From A Crooked Rib
Though From a Crooked Rib explicitly bemoans the plight of women in Somali society, the novel cannot be reduced to being merely about the situation of Somali...
Author : Nuruddin farah
Genre :African Fiction
Though From a Crooked Rib explicitly bemoans the plight of women in Somali society, the novel cannot be reduced to being merely about the situation of Somali women or described as a feminist work, because, in truth, all of humanity is Nuruddin Farah’s concern.
Written in 1968, when Farah, aged twenty-three, was a second-year student at Panjab University in India, the novel occupies a unique place in African fiction in its sympathetic portrayal of women. The editor at the British publishing house Heinemann agreed to publish it and, assuming the author to be a woman, wrote requesting that Farah send him a photograph. Never reviewed when it was first released, it became a cult text thanks to the reputation it gained by word of mouth. Since then, Nuruddin Farah has published critically acclaimed novels, including Sardines, Maps, and Gifts, which take, as their principle concern, the embattled womanhood in Africa and the Islamic world.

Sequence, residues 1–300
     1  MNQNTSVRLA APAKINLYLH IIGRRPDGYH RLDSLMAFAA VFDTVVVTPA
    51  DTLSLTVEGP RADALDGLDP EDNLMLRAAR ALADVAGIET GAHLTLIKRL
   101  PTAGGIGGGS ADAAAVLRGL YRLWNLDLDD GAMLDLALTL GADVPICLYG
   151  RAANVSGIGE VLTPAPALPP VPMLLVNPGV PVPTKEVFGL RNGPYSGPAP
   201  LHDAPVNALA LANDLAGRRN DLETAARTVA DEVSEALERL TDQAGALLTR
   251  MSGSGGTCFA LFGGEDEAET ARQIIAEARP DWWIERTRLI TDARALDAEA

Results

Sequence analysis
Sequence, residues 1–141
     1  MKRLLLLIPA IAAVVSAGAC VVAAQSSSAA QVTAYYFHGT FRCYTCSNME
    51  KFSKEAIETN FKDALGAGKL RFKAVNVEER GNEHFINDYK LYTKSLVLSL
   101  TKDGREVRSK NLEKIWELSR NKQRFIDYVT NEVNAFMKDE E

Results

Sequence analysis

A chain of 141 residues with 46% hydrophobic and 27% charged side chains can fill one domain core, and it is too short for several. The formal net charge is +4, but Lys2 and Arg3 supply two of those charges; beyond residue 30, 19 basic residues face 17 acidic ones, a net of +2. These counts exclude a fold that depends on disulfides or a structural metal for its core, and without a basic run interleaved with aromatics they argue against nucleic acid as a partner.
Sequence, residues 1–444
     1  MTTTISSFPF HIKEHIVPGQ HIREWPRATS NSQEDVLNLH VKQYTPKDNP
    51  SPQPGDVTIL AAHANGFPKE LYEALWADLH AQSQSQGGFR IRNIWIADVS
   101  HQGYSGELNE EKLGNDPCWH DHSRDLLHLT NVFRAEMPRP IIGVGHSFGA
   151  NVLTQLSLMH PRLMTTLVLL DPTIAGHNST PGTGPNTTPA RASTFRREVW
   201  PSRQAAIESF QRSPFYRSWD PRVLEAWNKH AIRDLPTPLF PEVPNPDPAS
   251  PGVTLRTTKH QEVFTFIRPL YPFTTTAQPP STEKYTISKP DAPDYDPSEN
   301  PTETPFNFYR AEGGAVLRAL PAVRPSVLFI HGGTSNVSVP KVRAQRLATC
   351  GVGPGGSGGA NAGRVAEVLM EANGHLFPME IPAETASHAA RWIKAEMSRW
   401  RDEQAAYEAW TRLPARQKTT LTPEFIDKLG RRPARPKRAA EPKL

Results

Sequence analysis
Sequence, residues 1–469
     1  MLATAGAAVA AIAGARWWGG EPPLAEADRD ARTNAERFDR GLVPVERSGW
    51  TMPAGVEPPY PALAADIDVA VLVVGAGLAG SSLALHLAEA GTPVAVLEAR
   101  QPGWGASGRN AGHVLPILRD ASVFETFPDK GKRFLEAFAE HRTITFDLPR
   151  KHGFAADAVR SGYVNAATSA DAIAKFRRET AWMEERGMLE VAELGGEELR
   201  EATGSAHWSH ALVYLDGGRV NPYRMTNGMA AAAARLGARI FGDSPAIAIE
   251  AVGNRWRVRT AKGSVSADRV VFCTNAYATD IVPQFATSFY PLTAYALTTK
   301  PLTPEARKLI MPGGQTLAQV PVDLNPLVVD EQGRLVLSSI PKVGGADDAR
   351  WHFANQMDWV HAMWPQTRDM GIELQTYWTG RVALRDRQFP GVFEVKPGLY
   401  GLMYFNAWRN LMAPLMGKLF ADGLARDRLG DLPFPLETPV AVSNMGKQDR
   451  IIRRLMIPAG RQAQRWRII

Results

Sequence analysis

Ebla’s escape, at eighteen, from an enforced marriage, takes her first to a small town and then to Somalia’s metropolis, Mogadiscio. Along the way, she is sold into a bartered wedlock and then abandoned. On her wedding night, her “husband” beats her up and treats her in a manner more akin to rape than seduction. Already violated in her preteens through the barbarous, un-Islamic practice of female infibulation, the experience of pain and the humiliation he metes out to her on their first night leaves her traumatized for life. She becomes cynical, distrustful, bitter, and this disillusionment sends her on a warpath.
She is vengeful; the desire for freedom and her wish for what she presumes to be her “self-preservation” force her to live entirely in the present. Friendless, a woman adrift, with no resources to fall back on, she flees from two arranged marriages—about which she is not consulted and into which she is sold as chattel—to two “matrimonies” with dubious justifiability. She travels from one crisis to another, some of her own making, some stemming from her delusion that she is taking vengeance on the men that have sold her off, hurt her, used and abused her, deceived her. There is a certain naïveté to her sexual odysseys: she says, “I love life, and life lies in marriage”; elsewhere, contradicting herself, she says, “I love to be a wife, I don’t care whose.” Ebla takes the only alternatives that are open to a woman of her background. Such is her ingeniousness that at some point she thinks “she had lost the game: she had become a prostitute without realizing that she had become one.” Farah has said somewhere that he views arranged marriages, in which men treat women as if they are the items and objects on the shelf of a shop, as venal—no different from prostituting one’s own daughter or sister in acquisitive exchange for material wealth.